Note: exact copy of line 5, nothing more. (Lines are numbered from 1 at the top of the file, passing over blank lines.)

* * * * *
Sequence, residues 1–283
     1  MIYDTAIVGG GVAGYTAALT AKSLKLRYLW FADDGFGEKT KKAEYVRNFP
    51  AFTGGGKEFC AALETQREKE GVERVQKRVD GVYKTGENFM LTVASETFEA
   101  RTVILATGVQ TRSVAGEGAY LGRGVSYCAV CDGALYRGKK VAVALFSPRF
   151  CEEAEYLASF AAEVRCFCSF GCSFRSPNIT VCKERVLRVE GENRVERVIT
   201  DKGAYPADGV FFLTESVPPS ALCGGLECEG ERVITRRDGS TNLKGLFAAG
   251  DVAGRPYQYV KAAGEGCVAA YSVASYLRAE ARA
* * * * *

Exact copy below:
   151  CEEAEYLASF AAEVRCFCSF GCSFRSPNIT VCKERVLRVE GENRVERVIT